However, as he prepares to graduate, he says that his responsibilities in the club have been a major source of development for him as a student and as a philosopher. Before he graduates, he hopes to put into motion some important projects and leave the students in the philosophy department and beyond with opportunities to engage in discussions outside of their lectures, bringing peers together to develop their ideas and build close relationships, something he says is lacking in society today.

“I want there to be a place that people can go and earnestly and substantially engage with the material, with some element of the philosophical landscape.” said Bacon. “The last thing I want to do is have somewhere where people come in and I lecture at them; that’s class.”

Bacon also stresses that him and the other club leaders are not a final authority, despite doing research on the topic before every meeting. The club’s goal is for all students to come in and provide their input on an issue, so that everyone can walk away with a new perspective and a better understanding on the week’s topic.

Surprisingly, the majority of regular attendees are not philosophy majors, but an assortment of students from around campus who have questions about the ways of the world. Club discussions always begin with a predetermined topic and some serious and challenging implications of the theme that require further examination, question such as, “what is rationality?”, “what makes something a piece of art?”, or “what is the role of education?”

While conversation begins with an examination of the central question, Bacon says it almost never stays squarely in one domain; by the end of the conversation, which often still has people choosing to stay in attendance after two or three hours, there is a completely new focus that was somehow evoked from the original conversation. The dialogue follows the ideas of the attendees in surprising twists and turns that leave members with new ideas to consider.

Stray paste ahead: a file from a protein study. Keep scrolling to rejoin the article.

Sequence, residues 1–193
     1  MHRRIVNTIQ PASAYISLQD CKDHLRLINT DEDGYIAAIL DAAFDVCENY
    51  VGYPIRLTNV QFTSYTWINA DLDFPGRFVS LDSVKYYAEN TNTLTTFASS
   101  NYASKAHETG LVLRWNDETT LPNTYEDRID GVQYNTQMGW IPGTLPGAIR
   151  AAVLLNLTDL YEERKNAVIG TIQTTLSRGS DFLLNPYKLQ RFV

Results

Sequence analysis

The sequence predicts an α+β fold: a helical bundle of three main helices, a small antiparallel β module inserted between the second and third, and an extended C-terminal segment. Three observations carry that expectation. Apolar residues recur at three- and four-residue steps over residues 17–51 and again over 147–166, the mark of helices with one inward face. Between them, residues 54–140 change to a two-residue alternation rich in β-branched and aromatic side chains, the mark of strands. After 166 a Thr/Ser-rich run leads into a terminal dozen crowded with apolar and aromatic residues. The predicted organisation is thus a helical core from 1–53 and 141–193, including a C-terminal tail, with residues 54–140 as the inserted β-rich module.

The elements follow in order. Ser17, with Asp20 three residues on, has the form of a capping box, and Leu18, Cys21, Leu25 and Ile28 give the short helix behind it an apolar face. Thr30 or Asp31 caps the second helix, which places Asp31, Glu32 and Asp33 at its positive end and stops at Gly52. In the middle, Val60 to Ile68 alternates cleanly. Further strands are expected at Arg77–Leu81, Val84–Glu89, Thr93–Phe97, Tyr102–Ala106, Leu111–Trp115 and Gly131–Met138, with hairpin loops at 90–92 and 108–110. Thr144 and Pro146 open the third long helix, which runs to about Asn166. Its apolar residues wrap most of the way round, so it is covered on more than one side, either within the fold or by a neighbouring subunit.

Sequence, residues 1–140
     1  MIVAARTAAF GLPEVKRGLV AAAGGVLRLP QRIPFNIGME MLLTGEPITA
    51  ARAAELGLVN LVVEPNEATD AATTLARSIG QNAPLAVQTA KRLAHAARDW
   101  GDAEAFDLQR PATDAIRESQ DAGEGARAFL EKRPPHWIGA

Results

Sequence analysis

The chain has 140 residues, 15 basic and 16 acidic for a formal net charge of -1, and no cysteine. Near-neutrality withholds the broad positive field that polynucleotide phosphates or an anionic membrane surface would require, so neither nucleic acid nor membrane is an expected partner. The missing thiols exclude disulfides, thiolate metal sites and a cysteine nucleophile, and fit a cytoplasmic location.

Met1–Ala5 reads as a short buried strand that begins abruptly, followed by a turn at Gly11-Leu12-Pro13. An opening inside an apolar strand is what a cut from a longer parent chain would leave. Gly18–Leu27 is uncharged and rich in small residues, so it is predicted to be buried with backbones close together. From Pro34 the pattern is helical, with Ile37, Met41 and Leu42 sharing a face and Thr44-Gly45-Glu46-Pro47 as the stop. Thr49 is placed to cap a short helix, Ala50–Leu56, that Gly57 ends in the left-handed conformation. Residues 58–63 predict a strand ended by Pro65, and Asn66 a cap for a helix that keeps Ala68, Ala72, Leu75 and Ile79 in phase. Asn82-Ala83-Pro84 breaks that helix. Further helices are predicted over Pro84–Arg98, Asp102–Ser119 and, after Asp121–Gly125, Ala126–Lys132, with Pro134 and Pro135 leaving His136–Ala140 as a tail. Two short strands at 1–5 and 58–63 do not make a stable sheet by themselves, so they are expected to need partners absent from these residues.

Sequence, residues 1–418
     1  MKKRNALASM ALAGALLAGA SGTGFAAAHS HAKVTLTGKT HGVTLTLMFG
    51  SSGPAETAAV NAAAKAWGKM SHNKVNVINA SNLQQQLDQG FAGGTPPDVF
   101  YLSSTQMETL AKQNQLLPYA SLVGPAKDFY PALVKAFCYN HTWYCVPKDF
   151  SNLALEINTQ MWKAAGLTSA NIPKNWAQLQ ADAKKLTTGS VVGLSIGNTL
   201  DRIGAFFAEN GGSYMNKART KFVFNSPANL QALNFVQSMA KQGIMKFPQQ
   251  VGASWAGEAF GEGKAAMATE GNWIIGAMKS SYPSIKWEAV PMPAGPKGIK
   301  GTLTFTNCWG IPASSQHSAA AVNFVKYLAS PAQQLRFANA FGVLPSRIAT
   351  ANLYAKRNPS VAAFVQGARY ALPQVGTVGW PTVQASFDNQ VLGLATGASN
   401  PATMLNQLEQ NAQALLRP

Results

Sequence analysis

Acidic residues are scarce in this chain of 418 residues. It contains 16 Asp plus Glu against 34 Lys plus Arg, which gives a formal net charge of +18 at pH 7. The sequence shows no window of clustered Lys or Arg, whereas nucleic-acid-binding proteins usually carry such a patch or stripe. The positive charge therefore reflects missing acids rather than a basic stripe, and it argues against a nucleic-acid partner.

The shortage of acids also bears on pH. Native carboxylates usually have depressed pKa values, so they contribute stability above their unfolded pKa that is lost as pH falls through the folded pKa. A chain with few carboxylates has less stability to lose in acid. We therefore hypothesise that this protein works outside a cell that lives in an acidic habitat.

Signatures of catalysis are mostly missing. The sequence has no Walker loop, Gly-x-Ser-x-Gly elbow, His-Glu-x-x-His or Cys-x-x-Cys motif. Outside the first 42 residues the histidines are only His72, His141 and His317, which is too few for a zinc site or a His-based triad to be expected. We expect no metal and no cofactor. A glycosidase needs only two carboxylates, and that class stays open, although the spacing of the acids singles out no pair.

Bacon sees this as one of the many benefits of engaging in deep conversation with others. He calls on all students to think about what they want to accomplish in their education; although a common belief is that a college education is meant to prepare you for a specific job, Bacon sees this as a sad and cynical way to think about the opportunities of education.

“We still do have this really good idea that what college is for is to teach you to think, and to let you come away from your academic experience better equipped to deal with whatever the problems are in the world.” he said. “That is the heart of philosophy; it’s the study of the great thinkers and the great ideas in the context of the hardest subjects.”

He holds that philosophical experience can help people to become more aware, more rational, and less prejudiced by examining their own closely held beliefs and those of the people around them.

“There’s only one degree that really is entirely based on looking at, ‘well how do I think in general?’” he claimed.

Throughout his time as an Iowa State student, Bacon says his idea of what philosophy really is has changed in the sense that he now sees its focus in a different light. His new belief on the value of philosophy is that it can be focused away from a study of the way things currently are in the world, or how we wish things were in an ideal world, and toward a study of the best possible way the world could be if we put our minds toward finding solutions to its problems.